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Relationships Between Bird Density, Vegetation Characteristics, and Grasshopper Density in Mixed-Grass Prairie of Western North Dakota

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Abstract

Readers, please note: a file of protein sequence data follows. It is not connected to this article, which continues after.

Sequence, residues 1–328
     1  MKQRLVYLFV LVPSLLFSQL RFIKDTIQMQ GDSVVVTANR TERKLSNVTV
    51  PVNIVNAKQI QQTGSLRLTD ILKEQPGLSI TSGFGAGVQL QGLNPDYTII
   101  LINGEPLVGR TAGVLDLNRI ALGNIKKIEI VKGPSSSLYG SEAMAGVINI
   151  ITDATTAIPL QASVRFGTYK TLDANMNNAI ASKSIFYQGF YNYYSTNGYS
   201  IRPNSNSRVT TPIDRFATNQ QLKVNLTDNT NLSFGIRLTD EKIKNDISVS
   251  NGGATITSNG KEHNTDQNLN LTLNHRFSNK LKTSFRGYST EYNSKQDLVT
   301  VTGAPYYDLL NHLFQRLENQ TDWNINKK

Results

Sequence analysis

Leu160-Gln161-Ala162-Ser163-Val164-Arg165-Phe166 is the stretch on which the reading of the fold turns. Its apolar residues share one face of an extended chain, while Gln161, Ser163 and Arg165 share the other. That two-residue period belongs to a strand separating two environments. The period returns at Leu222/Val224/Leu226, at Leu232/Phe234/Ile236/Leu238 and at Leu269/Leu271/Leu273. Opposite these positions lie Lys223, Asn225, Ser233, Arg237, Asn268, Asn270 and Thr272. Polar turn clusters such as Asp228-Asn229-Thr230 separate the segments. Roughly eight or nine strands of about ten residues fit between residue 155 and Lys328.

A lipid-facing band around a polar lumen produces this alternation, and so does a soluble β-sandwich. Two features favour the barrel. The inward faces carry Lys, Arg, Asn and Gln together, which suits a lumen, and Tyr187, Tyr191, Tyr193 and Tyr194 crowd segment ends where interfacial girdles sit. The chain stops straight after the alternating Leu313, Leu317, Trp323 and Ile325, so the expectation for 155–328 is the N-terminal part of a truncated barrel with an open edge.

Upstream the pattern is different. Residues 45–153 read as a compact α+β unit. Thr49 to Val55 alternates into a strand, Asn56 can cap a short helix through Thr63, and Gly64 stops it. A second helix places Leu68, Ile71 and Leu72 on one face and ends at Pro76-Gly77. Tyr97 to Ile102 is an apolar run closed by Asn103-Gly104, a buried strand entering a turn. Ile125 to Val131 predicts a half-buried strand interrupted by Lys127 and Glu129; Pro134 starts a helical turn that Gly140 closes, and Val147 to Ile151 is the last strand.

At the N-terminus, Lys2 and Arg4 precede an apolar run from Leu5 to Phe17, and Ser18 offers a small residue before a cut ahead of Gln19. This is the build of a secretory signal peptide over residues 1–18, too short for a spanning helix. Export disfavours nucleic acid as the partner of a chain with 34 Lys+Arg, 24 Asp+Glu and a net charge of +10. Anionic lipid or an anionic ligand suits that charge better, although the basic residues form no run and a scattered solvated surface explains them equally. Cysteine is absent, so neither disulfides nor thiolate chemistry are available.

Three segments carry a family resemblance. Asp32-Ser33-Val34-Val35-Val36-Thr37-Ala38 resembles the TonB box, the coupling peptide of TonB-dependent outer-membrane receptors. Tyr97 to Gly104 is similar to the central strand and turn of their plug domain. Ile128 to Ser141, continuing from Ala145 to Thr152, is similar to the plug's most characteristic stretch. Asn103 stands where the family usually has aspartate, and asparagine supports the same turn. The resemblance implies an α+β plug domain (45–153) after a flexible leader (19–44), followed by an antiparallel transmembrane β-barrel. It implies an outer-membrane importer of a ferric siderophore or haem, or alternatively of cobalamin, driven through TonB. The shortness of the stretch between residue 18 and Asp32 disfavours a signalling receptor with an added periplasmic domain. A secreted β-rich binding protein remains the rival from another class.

We monitored the abundance of grassland birds and the density of then-principal prey (grasshoppers, Acrididae) on 20 transects in mixed-grass prairie of western North Dakota from 1987-1990. Bird and grasshopper densities were estimated on 10 occasions during this period, 4 times in 1987 and once in late May and June every year thereafter. Twelve transects were treated for grasshopper control in late June 1987. During all of the census periods except July 1987 and June 1990, there was a negative relationship between grasshopper density and total bird density; the relationship was significant (P>0.05) during June 1987 and May 1989. Of the four most common bird species recorded on the transects, 2 species, western meadowlarks (Sturnella neglecta) and grasshopper sparrows (Ammodramus savannarum) ,were negatively correlated with grasshopper densities during most of the census periods. The relationship was significant for western meadowlarks in June 1987, May 1989, and June 1990. However, density of the other 2 species, horned larks (Eremophila alpestris) and vesper sparrows (Pooecetes gramineus) ,were not correlated with grasshopper density. We explore two possible explanations for the negative relationship between bird abundance and grasshopper abundance: habitat association and bird predation. Available evidence supports both of these nonexclusive hypotheses. However, it is unlikely that bird predation has a significant impact when grasshopper densities are high. Our results suggest that habitat manipulation may be effective in decreasing grasshopper numbers and increasing bird populations in these grasslands.